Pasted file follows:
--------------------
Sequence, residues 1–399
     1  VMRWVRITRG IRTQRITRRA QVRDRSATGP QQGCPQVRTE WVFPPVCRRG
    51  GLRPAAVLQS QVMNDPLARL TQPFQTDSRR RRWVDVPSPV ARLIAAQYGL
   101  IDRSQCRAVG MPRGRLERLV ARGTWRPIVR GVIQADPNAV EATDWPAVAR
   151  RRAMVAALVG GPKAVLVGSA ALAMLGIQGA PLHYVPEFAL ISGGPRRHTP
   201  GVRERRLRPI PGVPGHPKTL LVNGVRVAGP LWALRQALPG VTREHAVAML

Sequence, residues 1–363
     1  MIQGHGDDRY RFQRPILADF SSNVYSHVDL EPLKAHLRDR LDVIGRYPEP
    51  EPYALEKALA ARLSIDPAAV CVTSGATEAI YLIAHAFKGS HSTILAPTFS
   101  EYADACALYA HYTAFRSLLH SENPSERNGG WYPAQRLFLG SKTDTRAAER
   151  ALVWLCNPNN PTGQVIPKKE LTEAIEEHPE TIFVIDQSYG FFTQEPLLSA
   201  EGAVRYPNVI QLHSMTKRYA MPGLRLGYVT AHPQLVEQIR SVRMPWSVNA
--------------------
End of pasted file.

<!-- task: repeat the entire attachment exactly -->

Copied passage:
Sequence, residues 1–399
     1  VMRWVRITRG IRTQRITRRA QVRDRSATGP QQGCPQVRTE WVFPPVCRRG
    51  GLRPAAVLQS QVMNDPLARL TQPFQTDSRR RRWVDVPSPV ARLIAAQYGL
   101  IDRSQCRAVG MPRGRLERLV ARGTWRPIVR GVIQADPNAV EATDWPAVAR
   151  RRAMVAALVG GPKAVLVGSA ALAMLGIQGA PLHYVPEFAL ISGGPRRHTP
   201  GVRERRLRPI PGVPGHPKTL LVNGVRVAGP LWALRQALPG VTREHAVAML

Sequence, residues 1–363
     1  MIQGHGDDRY RFQRPILADF SSNVYSHVDL EPLKAHLRDR LDVIGRYPEP
    51  EPYALEKALA ARLSIDPAAV CVTSGATEAI YLIAHAFKGS HSTILAPTFS
   101  EYADACALYA HYTAFRSLLH SENPSERNGG WYPAQRLFLG SKTDTRAAER
   151  ALVWLCNPNN PTGQVIPKKE LTEAIEEHPE TIFVIDQSYG FFTQEPLLSA
   201  EGAVRYPNVI QLHSMTKRYA MPGLRLGYVT AHPQLVEQIR SVRMPWSVNA